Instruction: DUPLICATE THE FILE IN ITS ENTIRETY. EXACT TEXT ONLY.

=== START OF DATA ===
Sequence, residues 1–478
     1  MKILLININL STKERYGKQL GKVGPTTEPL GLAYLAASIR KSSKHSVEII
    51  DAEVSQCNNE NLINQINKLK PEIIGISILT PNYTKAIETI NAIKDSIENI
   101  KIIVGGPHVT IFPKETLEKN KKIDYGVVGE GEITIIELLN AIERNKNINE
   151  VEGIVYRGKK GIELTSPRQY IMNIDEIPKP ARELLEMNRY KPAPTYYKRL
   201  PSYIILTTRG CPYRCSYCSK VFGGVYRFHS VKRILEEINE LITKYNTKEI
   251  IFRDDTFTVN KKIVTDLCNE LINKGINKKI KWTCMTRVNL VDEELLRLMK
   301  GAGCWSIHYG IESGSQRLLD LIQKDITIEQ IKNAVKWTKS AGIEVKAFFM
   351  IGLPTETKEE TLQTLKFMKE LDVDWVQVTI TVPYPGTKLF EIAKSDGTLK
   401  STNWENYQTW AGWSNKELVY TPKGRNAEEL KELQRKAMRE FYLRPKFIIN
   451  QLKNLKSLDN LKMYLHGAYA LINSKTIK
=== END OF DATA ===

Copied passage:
Sequence, residues 1–478
     1  MKILLININL STKERYGKQL GKVGPTTEPL GLAYLAASIR KSSKHSVEII
    51  DAEVSQCNNE NLINQINKLK PEIIGISILT PNYTKAIETI NAIKDSIENI
   101  KIIVGGPHVT IFPKETLEKN KKIDYGVVGE GEITIIELLN AIERNKNINE
   151  VEGIVYRGKK GIELTSPRQY IMNIDEIPKP ARELLEMNRY KPAPTYYKRL
   201  PSYIILTTRG CPYRCSYCSK VFGGVYRFHS VKRILEEINE LITKYNTKEI
   251  IFRDDTFTVN KKIVTDLCNE LINKGINKKI KWTCMTRVNL VDEELLRLMK
   301  GAGCWSIHYG IESGSQRLLD LIQKDITIEQ IKNAVKWTKS AGIEVKAFFM
   351  IGLPTETKEE TLQTLKFMKE LDVDWVQVTI TVPYPGTKLF EIAKSDGTLK
   401  STNWENYQTW AGWSNKELVY TPKGRNAEEL KELQRKAMRE FYLRPKFIIN
   451  QLKNLKSLDN LKMYLHGAYA LINSKTIK